On a trip to China next week to talk about high-stakes issues like terrorism and North Korea, Vice President Dick Cheney will have another task -- making a pitch for Westinghouse's U.S. nuclear power technology.
At stake could be billions of dollars in business in coming years and thousands of American jobs. The initial installment of four reactors, costing $1.5 billion apiece, would also help narrow the huge U.S. trade deficit with China.
China's latest economic plan anticipates more than doubling its electricity output by 2020 and the Chinese government, facing enormous air pollution problems, is looking to shift some of that away from coal-burning plants. Its plan calls for building as many as 32 large 1,000-megawatt reactors over the next 16 years.
No one has ordered a new nuclear power reactor in the United States in three decades and the next one, if it comes, is still years away. So, China is being viewed by the U.S. industry as a potential bonanza.
Cheney's three-day visit to Beijing and Shanghai next week is part of a weeklong trip to Asia that will also include a stop in Tokyo. He departed Washington on Friday.
A senior administration official, briefing reporters about the trip, said Cheney will not "pitch individual commercial transactions." But he intends to make clear "we support the efforts of our American companies" and general access to China's markets, said the official, speaking on condition of anonymity.
Some critics are concerned about such technology transfers.
"This pitch could not be more poorly timed," Henry Sokolski, executive director of the Nonproliferation Policy Education Center, told a hearing of the House International Relations Committee recently.
Citing recent Chinese plans to help Pakistan build two large reactors that are capable of producing plutonium, he said it is not the time for China to be rewarded with new reactor technology. U.S. officials said the Chinese have given adequate assurances that such sales will not pose a proliferation risk.
Bid solicitations for four new reactors are expected to be issued by the Chinese within months.
The leading competitors are U.S.-based Westinghouse Electric Co. and a French rival, Areva, which is peddling its next-generation reactor built by its Framatome subsidiary.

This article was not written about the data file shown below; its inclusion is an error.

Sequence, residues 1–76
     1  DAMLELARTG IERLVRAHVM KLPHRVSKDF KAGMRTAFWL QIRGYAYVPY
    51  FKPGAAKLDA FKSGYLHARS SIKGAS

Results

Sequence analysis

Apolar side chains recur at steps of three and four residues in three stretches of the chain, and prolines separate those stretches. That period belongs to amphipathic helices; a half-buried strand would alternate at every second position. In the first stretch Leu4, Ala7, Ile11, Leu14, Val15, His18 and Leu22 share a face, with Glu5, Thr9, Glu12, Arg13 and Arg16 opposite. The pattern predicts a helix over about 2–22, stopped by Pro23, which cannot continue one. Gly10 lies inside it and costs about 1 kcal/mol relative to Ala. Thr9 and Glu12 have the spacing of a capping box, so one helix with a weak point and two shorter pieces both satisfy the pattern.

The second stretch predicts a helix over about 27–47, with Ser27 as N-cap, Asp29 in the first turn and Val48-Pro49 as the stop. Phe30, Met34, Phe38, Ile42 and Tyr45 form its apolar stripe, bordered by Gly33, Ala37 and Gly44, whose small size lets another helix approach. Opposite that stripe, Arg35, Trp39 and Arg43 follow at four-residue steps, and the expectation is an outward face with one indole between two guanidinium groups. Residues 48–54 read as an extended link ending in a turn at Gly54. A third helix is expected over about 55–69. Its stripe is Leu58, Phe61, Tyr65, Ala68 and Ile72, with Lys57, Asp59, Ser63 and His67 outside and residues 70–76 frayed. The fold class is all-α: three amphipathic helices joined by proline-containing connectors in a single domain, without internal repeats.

Westinghouse is putting its hopes on its 1,100 megawatt AP1000 reactor, an advanced design that is still waiting approval from the Nuclear Regulatory Commission before it can be built in the United States. Westinghouse, owned by the British nuclear firm BNFL, is the only U.S.-based manufacturer of a pressurized water reactor, the type of design China has said it wants to pursue.
"Clearly the China market is very important to the industry and a supplier like Westinghouse," said Vaughn Gilbert, a spokesman for the Pittsburgh-based reactor vendor. "The Chinese market is one that we're pursuing."
Each of the AP1000 reactors are expected to cost about $1.5 billion. "We would assume there would be more than one order," Gilbert said, since China has indicated it wants a standardized design across its reactor program. A successful bid could mean 5,000 American jobs, Gilbert said in an interview.
For the nuclear industry, the potential windfall goes beyond building the power plants.
"The opportunity is not just in selling the Chinese a number of reactors, but engaging them for a longer term in a strategic partnership," says Ron Simard, who deals with future plant development at the Nuclear Energy Institute, an industry trade group. That could mean future construction contracts as well as plant service business.
The reactor business has been nonexistent in the United States since the 1970s. No American utility has ordered a new reactor since the 1979 Three Mile Island nuclear accident.
So, vendors like Westinghouse are relying on business elsewhere, especially Asia.
China currently has nine operating reactors, including French, Canadian, Russian, and Japanese designs as well as their own model, producing 6,450 megawatts of power, or about 1.4 percent total capacity. Chinese officials have estimated that by 2020 the country will need an additional 32,000 megawatts from its nuclear industry, or about 32 additional reactors.
Even with the surge in reactor construction, nuclear power will only account for 8 percent of China's future electricity needs. Chinese officials said at an energy conference in Washington last year their country must more than double its coal-fired generation and build more dams, erect windmills and tap natural gas to meet future electricity demands.